Day Of The Dead, A Few Nuggets of Knowledge
You may have heard about this interesting cultural celebration called Day of the Dead that is gaining steam in the USA, and yet many people don’t seem to grasp the long-standing historical context from where it comes. So we figured we would add to the narrative with this blog entry, the intent to help give understanding and some clarity to an interesting cultural happening. At least, we hope that by the time you finish reading this article that we successfully provided you with nuggets of knowledge that you can wow your friends with. After all its hip to know things outside of your comfort zone, especially with such a long-standing cultural tradition, So read on and learn something new that you can whip out in conversation while drinking that savory imported Modelo beer with your amigos.
Ok, so it’s not all about the Calaveras, even though they are supper cool on t-shirts and skateboard graphics and tattoos. And especially no, it’s not about flying witches on broomsticks late into the night, although sometimes family are just as scary, and especially no, it’s not about kids knocking at your door singing that famous line “trick or treat” we don’t need people smelling your feet and giving you something good to eat.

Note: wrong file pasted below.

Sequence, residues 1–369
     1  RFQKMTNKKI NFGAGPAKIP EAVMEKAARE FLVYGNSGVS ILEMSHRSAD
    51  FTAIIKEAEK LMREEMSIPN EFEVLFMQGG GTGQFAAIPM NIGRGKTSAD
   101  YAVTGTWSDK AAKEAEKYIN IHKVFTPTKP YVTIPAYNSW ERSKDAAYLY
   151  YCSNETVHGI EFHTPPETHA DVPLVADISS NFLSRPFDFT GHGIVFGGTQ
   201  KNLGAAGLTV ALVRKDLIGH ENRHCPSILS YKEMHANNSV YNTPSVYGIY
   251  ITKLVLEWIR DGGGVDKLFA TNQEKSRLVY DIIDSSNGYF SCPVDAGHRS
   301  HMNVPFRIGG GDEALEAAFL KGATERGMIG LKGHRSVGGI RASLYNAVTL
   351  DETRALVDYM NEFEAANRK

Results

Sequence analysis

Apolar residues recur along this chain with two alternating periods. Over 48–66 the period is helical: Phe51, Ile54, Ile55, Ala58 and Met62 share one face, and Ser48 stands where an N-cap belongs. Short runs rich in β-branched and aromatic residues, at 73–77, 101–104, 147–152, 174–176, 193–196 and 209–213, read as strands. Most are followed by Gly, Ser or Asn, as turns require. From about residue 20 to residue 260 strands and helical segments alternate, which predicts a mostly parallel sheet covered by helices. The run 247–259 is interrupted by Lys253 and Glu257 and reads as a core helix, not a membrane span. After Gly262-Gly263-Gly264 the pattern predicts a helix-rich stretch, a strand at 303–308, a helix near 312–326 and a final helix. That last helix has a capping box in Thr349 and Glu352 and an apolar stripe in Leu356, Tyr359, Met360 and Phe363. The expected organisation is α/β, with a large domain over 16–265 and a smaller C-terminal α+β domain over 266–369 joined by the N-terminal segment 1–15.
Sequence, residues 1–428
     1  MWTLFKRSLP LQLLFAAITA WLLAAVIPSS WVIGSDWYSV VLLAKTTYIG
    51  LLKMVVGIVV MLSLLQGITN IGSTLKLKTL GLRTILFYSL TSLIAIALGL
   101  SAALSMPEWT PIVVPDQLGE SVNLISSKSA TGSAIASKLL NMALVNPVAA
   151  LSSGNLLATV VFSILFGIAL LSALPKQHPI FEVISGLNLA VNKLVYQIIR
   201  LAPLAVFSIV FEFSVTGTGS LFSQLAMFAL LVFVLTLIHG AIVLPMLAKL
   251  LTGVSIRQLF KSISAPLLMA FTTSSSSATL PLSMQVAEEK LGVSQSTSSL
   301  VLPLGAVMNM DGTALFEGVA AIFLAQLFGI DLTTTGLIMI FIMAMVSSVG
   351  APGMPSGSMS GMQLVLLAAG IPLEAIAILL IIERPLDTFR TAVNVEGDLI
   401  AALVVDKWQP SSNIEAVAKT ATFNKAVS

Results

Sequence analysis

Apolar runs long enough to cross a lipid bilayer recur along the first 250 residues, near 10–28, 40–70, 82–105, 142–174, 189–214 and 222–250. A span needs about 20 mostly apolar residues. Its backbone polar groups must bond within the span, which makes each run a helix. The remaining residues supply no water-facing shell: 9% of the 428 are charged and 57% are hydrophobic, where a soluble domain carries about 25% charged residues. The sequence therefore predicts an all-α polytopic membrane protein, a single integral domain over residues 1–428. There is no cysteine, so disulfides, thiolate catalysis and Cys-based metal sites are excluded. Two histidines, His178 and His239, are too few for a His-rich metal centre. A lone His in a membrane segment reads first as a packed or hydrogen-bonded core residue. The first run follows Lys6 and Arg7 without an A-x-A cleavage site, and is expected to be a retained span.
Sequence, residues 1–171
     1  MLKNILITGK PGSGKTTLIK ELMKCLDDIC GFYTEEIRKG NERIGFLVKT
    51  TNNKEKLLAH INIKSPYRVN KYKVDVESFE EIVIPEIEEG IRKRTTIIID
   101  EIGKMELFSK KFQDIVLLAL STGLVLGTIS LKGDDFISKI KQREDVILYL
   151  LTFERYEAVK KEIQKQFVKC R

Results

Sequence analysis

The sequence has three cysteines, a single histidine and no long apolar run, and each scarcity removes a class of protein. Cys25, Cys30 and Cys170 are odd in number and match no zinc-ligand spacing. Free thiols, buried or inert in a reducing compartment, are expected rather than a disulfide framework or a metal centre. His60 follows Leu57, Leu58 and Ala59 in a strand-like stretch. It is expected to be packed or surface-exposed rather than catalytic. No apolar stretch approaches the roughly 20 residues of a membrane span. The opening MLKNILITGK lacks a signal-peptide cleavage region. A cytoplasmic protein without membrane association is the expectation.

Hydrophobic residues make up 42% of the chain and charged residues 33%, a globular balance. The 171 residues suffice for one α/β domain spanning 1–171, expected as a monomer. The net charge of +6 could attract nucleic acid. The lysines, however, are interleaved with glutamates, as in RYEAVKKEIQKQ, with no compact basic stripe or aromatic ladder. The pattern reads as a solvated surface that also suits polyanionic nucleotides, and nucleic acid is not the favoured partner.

Simply stated, Día de Los muertos, celebrates life by honoring our family and relatives that have passed before us, yes you got it, we celebrate the dead. It may seem strange, however on this special day, in many latino countries and communities we don’t just remember them we celebrate them. We celebrate with drink, food, stories, photos, candles, sweets, flowers and music making up only a few of the elements of this day. We strongly recommend adding this day to your bucket list, by attending a traditional procession in a small rustic town in Mexico, walking down the stone and dust ridden streets towards the pantion (cemetery) with flowers and candles ready to adorn the gravesite. It’s a spectacle to see and an honor to take part in.
In our humble estimation, Dia De Los Muertos is one of the most important traditions in Latino culture, and should be in any culture. It intends to make the deceased welcomed back among the living, although we believe, it truly makes the living remember that life is special. Very personal offerings are introduced through the building up of alters, as if to bring families back together if only for a time. This tradition is celebrated at home, at cemeteries and most recently at festivals. A particular flower called cempasúchil, an orange-yellow flower fills the cemeteries with huge meaning as it is the marks the path that guides the deceased on their way back to their families.
This day has a ton of symbolism, meanings and interpretations that we will discover together throughout the next few blog entries. Get ready to play with life and celebrate the dead with the guided ability of the cempasúchil flower clearing the path to understanding culture and traditions that we love bringing to you every year.